There’s no question HR professionals are busy: They are responsible for hiring, onboarding and firing, as well as facilitating PTO, employee benefits administration, payroll and employee engagement. With these tasks, as well as with an increasingly diverse workforce, it’s evident there’s a need for human capital management technology that embodies scalability, stability and flexibility.
Businesses today understand the value of technology and applications to operate their business and drive productivity, and their sight is not lost on the role that human capital and employee benefits management systems play in fueling growth and profitability.
That said, each unique employee type, status, location and compensation governs eligibility for specific benefits, plans and employer-contributions as employers design their benefits plans and package their benefits products. Additionally, this nexus of employee data must be recorded, maintained, verified, aggregated and reformatted to meet federal compliance and reporting requirements, which is even more critical for employers now that the GOP’s healthcare plan has been pulled from the dockets. ACA reporting requirements still exist today and will inevitability remain.
It is an employer’s market of benefits products, and in order to deliver ample benefits packages and concurrently obtain competitive rates, employers must contract with multiple insurance carriers. Additional third parties and applications are required to facilitate wellness programs and employee assistance programs. Plus, the employee benefits gestalt is topped off with rewards and perks such as tuition reimbursement and even pet insurance. Developing a talented workforce takes time and effort and employers want to keep top talent by offering comprehensive employee benefits.
If employers are going to invest in their human capital, they want to ensure employees are educated on their benefits options and what each entails so they are able to make informed health and financial decisions. Implementing an employee benefits administration system that integrates online enrollment and HR benefits management successfully empowers employers to deliver value-added benefits and optimizes employee participation.
For example, an online enrollment self-service provides employees an intuitive, meaningful experience as eligibility drives what employees can or cannot see and what benefits they are able to enroll in. Plus, a total compensation statement at the end of the enrollment process truly expresses the value of what employers offer. All employee data, transactions, dependent and beneficiary information, communications, and documentation, such as evidence of insurability, lives in “real-time” and is sustained in one system for which HR administrators are able to streamline and automate employee benefits administration.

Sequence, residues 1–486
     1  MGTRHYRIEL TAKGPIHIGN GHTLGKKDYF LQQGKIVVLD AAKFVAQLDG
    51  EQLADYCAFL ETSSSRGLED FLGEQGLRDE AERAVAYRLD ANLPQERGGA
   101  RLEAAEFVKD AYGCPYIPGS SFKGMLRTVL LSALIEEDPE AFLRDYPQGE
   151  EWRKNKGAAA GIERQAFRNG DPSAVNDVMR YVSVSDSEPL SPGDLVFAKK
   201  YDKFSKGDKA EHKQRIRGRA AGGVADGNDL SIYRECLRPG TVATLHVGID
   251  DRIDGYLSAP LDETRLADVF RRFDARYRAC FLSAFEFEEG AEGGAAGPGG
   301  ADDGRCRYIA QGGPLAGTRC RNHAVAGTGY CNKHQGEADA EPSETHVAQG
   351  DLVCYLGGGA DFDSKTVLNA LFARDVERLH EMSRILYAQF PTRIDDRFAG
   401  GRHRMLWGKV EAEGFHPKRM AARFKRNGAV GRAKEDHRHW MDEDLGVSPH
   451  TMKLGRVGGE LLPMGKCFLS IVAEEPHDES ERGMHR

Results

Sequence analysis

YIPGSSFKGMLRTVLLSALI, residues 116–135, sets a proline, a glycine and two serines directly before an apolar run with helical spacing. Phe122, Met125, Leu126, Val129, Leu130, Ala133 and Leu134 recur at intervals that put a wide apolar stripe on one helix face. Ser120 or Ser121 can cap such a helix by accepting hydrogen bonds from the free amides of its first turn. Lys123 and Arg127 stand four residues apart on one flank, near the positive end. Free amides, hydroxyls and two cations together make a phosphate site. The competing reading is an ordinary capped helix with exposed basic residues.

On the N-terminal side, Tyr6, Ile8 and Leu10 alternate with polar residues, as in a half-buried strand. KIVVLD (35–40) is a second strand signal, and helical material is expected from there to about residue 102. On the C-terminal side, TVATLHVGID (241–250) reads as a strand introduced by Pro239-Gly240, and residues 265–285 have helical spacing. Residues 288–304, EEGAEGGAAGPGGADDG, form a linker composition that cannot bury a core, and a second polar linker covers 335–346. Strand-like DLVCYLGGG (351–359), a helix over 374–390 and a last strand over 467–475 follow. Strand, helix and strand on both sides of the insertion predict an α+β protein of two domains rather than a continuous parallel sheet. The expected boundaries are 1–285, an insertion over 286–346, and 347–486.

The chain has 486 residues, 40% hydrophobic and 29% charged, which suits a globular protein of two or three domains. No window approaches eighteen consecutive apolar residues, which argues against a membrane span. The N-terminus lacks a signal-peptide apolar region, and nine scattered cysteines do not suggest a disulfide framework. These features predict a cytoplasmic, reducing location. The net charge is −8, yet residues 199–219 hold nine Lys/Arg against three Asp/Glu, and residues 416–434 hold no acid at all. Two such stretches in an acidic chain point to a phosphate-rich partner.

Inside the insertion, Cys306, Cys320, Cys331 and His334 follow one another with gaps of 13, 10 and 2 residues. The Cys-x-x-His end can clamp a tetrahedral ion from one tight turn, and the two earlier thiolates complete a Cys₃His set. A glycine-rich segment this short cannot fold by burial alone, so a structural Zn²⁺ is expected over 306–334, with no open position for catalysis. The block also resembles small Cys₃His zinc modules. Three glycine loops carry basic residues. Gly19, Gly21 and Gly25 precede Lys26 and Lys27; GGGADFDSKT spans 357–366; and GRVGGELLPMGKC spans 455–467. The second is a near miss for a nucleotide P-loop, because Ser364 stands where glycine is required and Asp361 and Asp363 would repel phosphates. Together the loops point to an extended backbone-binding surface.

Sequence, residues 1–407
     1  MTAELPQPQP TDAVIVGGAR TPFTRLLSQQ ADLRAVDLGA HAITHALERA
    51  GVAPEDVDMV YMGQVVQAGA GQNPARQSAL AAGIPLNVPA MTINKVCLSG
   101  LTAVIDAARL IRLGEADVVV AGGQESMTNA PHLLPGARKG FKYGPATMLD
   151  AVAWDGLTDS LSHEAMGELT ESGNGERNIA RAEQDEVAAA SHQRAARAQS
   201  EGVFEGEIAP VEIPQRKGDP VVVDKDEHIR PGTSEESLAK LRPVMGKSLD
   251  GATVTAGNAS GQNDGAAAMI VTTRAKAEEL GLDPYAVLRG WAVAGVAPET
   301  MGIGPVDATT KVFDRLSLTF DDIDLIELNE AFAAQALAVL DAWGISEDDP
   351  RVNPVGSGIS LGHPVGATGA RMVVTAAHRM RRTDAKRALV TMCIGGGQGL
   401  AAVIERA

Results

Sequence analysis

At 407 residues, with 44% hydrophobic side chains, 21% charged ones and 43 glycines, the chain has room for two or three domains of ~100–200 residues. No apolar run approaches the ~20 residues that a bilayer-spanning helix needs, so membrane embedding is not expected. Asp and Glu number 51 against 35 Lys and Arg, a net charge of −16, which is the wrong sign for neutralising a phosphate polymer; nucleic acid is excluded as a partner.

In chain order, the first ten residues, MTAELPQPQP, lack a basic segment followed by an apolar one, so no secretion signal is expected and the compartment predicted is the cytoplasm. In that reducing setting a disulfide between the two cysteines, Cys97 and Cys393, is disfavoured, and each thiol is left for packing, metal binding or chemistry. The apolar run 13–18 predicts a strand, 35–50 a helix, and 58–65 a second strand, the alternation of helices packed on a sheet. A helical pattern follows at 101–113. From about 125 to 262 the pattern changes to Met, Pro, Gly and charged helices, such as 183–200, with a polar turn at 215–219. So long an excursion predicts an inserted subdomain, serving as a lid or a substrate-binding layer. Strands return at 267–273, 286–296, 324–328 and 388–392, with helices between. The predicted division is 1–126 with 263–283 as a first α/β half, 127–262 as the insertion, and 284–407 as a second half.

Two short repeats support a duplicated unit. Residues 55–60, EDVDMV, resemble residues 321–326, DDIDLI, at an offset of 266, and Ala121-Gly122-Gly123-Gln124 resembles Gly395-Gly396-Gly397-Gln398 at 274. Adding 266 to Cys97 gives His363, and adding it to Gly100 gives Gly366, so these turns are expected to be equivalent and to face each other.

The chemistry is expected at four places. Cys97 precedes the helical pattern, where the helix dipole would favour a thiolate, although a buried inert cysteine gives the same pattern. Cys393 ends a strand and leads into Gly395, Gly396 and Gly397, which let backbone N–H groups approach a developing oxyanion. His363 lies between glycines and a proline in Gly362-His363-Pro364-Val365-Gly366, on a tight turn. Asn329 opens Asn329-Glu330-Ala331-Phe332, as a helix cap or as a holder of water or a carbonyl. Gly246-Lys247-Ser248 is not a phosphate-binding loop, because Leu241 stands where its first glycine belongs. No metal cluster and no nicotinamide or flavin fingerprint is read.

Full-service employee benefits administration firms offer flexibility in customization and develop innovative accommodations for employers’ unique benefits configurations. Through one-on-one, personalized service, these firms learn about each clients’ benefits plans, employee classifications and other desired eligibility determinants such as gender, tobacco-use, age, location or responses to other knock-out enrollment questions.
Employers may gain subsidies or discounts if many of their employees are found to be non-smokers.
Likewise, employees who answer, “No,” to the tobacco-use question may be eligible to enroll in a health savings account. The contingent variances in eligibility for an already diverse employee population create challenges for HR without a robust, multi-functional technological solution. Employers and HR professionals who shop for an enrollment and benefits administration solution must be savvy in their search as just as no two employers are alike, no two benefits administration technologies are alike and many are not equipped to handle employers’ day-to-day benefits transactions.
HR administrators may be doing more manual work than even before implementing a benefits technology when total automation only applies to standard medical and dental plans, but does not include the ability to configure a variety of voluntary products, such as life, short-term disability, long-term disability, critical illness and accident insurance.
In order to gain an ROI, employee benefits administration technology must be easy-to-use, intuitive and functional for the end-user: an HR professional or employee. The self-service enrollment interface enables employees to enroll online at their leisure while receiving support for educated decision making. HR administrators acquire equally relevant and practical applications through the use of management tools and integrations with carrier, payroll and other third parties. Plus, call center support and telephonic enrollment opportunities offer HR the ability to extend their human resources capabilities. Lastly, any technology implemented today must be easily deployed and flexible to scale to employers’ changing needs, revenue and workforce.
Bringing technology to the table with human resources administrators, carriers, payroll and other third-party facilitators is necessary if employers are to do more than just represent a fictional employee and her unique story. Implementing innovative, robust employee benefits administration solutions preserves employers’ focus on affordability, marketability and automation of employee benefits, as well as employees’ demand for benefits packages that add value to their total compensation.
This article was written by Jessica Lynn Campbell from Employee Benefit News and was legally licensed through the NewsCred publisher network. Please direct all licensing questions to email@example.com.